As for the Opal card, I am finding it does work acceptably. I had a lot of trouble training myself to “tag off”, but I have done so now.

    Despite the official line, there ARE machines that sometimes failed to register properly. And customers ARE overcharged. This happens because, if the tag-on and tag-off are not correctly registered, you not only get charged the maximum amount, but it is not counted as a “journey” for the purpose of the so-called “travel reward”. That, to me, is an outright rip-off.

    I can accept paying a maximum if I forget to tag off. I am slightly more annoyed about it when I do tag off and I find out several days later that the machine failed to register it. BUt after paying more than double for my trip I am ropable when I find it is not counted as a journey, and at the end of the week I am not getting the free trips I expect. That means a no-tag-off costs more than 3 times the normal fare.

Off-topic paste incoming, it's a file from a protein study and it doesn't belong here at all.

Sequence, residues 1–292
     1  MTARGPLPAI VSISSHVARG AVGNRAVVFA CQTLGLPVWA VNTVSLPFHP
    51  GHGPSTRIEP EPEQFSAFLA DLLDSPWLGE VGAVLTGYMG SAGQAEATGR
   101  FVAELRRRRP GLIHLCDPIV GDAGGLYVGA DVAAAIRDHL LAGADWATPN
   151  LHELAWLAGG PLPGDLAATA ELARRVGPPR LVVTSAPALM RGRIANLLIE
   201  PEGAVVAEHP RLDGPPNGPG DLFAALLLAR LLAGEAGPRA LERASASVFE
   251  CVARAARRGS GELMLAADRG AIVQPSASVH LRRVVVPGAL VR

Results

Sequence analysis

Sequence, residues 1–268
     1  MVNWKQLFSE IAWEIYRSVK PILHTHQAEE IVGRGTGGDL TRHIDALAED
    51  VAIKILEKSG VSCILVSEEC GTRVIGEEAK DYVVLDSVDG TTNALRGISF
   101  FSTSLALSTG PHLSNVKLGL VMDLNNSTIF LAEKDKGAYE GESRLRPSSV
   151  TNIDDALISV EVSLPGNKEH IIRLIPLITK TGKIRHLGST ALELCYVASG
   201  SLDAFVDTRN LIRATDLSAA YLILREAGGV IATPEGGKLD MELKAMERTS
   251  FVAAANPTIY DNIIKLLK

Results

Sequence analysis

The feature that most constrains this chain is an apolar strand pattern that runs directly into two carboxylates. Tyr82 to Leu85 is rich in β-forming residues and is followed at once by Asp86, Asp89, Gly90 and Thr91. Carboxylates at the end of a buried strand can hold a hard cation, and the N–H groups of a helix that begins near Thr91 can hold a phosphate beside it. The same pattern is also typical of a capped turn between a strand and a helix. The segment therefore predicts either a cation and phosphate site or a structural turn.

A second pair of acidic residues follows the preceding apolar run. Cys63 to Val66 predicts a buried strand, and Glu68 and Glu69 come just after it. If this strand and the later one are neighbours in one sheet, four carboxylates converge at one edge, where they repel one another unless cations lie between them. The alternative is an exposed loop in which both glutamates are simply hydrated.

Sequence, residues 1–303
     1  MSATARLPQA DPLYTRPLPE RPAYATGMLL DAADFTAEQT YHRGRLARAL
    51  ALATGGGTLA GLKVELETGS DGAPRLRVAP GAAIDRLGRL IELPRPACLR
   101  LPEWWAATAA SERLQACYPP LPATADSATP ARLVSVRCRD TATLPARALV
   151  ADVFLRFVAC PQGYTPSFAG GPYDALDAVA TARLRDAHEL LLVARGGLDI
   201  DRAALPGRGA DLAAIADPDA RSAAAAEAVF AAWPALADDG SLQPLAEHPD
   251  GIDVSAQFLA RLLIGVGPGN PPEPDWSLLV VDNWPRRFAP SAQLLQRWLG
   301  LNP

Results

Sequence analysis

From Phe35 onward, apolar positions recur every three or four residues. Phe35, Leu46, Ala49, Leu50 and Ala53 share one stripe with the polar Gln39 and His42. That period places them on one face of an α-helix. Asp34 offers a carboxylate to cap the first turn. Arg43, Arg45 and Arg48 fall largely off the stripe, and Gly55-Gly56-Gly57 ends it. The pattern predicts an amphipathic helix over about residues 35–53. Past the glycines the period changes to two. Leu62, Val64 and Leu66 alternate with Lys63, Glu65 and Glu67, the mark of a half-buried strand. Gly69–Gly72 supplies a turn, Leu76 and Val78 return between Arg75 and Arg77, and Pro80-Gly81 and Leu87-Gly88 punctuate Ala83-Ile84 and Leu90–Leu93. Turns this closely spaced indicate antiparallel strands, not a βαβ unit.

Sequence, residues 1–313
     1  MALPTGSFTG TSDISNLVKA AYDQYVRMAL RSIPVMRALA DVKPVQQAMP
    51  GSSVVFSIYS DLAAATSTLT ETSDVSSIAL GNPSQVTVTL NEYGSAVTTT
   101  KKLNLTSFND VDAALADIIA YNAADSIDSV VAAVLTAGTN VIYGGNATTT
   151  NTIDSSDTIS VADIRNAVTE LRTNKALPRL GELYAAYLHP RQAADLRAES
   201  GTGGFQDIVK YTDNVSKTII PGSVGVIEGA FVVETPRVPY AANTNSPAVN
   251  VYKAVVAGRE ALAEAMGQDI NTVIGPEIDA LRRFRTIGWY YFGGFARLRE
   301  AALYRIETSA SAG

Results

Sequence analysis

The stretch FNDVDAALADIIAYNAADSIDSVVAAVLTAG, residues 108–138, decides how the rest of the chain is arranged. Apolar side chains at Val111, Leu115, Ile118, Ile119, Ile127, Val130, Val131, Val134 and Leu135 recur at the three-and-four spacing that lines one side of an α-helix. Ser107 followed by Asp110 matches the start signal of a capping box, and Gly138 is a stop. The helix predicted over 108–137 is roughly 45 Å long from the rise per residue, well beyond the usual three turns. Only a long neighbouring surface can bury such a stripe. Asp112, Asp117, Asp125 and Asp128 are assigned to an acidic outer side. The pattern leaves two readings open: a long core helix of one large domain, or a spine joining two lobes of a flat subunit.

However, I have noticed that some machines I have had trouble with in the past, now seem to work without a problem. Maybe they have fixed some software glitches.

  • 5
    My Comment
    Posted Friday, 22 August 2014 at 11:07 am | Permalink

    There are more serious problems with the Opal system.

    (1) The biggest problem is probably that Opal does not properly integrate different modes of transport. It is cheaper and more efficient for the government to run a train carrying lots of passengers than buses each carrying relatively few passengers, so ideally Opal would encourage passengers to move from buses to trains. Assuming that timetables match, this would also give the passenger a faster journey.

    But Opal encourages the opposite.

    It is more expensive for a passenger to catch a bus to the train station then transfer to a train for the remainder of the journey than to remain on the bus for the full trip.

    (2) The fares are more expensive for many people on Opal, despite the Government’s continued statements and advertising. For example, for some people buying off-peak return train tickets, the weekly cost will go up by 12% from 1 September.

    (3) Opal is more expensive and complicated for families. Separate cards are required for each child. Upfront payments are required for each card, even if it will take years to use them up. The Family Fare deal (only pay for the first child) is not available on Opal making fares even more expensive for larger families.

    (4) Privacy: as has been covered elsewhere.